Klamath Basin, California/Oregon
The Klamath Basin is situated on the Ca/Or border and contains parts of 5 northern California counties as well as 3 Oregon counties. The Klamath River is the major waterway that drains the basin with its origin in the Upper Klamath Lake. There are 6 wildlife refuges amongst the basin (Upper Klamath, Lower Klamath, Tule Lake, Bear Valley, Clear Lake, and Klamath Marsh. It is a critical zone to preserve. Water levels are at all time lows. The basin has lost 80% of its original wetlands which in turn degrades what is left. These marshes, lakes and wetlands that encompass these basins are habitat for the western fly-way for most of the western bird species (80+% of the Pacific Flyway migrants). The highest concentration of wintering Bald Eagles are found here. Bear Valley NWR is completely closed because it is the eagles roosting spot. Large numbers of waterfowl are found all over the basin. Because of this concentration, there are die-offs that occur and this in turn feeds all the predators/scavengers. A Bald Eagle prefers the easiest method to find food so usually this means scavenge rather than hunt. The rocky volcanic ridges that surround each basin has high concentrations or raptors that reside in them.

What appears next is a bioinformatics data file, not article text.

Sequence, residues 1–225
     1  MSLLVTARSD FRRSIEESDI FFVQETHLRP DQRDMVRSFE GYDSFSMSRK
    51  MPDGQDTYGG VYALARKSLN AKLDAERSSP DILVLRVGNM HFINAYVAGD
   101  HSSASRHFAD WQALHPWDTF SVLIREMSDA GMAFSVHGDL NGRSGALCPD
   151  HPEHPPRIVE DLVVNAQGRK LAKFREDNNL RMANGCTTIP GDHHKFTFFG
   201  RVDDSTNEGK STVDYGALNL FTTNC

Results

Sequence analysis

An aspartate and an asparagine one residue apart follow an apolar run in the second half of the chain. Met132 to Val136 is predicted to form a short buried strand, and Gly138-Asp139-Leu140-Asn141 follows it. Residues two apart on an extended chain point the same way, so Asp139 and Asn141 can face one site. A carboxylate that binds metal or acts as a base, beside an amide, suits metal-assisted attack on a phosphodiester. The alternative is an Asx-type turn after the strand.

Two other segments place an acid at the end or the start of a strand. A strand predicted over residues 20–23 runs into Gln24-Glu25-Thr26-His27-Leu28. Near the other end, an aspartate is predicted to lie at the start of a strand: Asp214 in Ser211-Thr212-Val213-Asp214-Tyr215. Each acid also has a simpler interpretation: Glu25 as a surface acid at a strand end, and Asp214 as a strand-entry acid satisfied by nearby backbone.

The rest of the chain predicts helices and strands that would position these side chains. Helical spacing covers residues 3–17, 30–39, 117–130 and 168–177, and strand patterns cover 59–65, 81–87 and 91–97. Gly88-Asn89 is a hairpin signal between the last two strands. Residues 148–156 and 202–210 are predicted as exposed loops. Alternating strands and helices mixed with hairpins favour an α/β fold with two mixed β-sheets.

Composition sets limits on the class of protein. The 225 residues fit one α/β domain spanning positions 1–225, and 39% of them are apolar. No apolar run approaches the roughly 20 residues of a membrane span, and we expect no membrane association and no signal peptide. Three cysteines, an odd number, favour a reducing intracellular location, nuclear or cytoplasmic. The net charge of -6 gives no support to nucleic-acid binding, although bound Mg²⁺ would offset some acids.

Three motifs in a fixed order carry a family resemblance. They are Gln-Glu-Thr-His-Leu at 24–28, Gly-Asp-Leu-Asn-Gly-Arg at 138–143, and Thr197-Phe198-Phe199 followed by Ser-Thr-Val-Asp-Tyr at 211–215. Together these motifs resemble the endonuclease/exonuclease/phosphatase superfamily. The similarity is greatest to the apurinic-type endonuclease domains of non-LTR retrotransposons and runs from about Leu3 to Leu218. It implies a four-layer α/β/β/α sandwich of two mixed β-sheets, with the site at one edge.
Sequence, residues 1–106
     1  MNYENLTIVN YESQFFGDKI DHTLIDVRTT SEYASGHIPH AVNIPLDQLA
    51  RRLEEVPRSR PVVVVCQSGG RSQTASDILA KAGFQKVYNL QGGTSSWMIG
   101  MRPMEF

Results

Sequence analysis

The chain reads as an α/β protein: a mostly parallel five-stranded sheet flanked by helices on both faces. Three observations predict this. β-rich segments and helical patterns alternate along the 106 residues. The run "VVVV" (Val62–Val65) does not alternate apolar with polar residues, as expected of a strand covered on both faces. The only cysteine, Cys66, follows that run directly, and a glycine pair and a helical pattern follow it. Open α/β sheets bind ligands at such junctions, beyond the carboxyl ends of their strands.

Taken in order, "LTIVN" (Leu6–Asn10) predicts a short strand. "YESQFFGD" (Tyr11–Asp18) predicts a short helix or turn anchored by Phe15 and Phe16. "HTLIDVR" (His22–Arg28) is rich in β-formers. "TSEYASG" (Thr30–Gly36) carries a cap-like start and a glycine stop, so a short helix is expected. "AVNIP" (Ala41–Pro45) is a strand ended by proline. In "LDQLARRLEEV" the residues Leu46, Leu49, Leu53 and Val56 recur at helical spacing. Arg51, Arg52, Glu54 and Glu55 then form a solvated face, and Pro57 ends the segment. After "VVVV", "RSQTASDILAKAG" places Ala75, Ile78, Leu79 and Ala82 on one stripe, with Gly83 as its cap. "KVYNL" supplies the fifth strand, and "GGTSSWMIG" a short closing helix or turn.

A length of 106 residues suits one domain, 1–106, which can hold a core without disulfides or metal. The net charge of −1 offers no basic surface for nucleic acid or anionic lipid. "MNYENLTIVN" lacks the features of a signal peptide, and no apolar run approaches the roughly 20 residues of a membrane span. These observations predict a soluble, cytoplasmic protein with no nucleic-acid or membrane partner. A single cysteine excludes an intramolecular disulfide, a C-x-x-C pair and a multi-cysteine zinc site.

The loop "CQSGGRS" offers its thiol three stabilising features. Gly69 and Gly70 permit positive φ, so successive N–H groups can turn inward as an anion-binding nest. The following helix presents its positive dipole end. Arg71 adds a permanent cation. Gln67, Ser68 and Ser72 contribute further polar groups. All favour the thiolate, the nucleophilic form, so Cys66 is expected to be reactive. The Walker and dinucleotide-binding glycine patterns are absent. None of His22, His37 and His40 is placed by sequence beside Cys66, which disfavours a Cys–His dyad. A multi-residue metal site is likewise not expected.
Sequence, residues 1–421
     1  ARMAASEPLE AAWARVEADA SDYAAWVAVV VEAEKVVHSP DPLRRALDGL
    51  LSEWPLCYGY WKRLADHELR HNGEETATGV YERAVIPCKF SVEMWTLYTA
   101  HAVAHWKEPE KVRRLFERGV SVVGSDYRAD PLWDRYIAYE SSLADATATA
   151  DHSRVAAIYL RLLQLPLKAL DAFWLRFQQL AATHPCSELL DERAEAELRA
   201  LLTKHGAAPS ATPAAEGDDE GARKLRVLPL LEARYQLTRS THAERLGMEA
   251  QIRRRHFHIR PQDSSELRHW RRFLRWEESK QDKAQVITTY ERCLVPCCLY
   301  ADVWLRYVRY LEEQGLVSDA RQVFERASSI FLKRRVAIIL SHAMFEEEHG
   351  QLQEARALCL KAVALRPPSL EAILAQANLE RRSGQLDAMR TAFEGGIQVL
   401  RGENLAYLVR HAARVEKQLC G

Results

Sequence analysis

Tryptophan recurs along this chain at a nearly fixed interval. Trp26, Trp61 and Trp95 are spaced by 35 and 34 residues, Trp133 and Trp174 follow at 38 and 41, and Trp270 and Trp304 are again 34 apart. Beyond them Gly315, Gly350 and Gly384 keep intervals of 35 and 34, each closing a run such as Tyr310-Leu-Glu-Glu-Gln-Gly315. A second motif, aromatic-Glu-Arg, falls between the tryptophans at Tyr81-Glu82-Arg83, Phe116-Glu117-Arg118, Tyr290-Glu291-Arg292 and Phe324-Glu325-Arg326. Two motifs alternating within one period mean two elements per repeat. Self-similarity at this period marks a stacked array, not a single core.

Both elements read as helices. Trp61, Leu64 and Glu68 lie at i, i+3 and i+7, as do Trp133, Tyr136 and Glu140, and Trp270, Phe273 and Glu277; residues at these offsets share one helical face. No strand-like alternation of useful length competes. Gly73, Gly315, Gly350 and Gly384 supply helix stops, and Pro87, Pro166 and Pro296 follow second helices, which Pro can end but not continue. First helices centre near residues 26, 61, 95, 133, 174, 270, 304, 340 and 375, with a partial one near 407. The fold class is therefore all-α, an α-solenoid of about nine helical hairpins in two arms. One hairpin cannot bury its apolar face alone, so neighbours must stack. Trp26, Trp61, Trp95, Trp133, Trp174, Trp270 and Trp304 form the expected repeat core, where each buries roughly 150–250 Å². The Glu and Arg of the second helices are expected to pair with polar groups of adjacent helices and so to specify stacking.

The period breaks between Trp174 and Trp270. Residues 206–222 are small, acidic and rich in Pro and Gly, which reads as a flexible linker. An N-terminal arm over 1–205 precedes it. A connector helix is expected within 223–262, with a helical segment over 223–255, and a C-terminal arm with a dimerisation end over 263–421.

Lower Klamath NWR is our nation’s first waterfowl refuge. I first traveled here in 1997 and have been back every year since. I have noticed changes even in 13 years time. With the aquatic environments reflecting the snow cap peaks (and all the birds that fly in front of them), it is an incredibly beautiful place. Mt Shasta is prominent in the southern sky. The Klamath Basin is considered to be the “western Everglades”. Indeed the sky could turn darker when a flock of several thousand Snow Geese takes flight because a Bald Eagle passes by.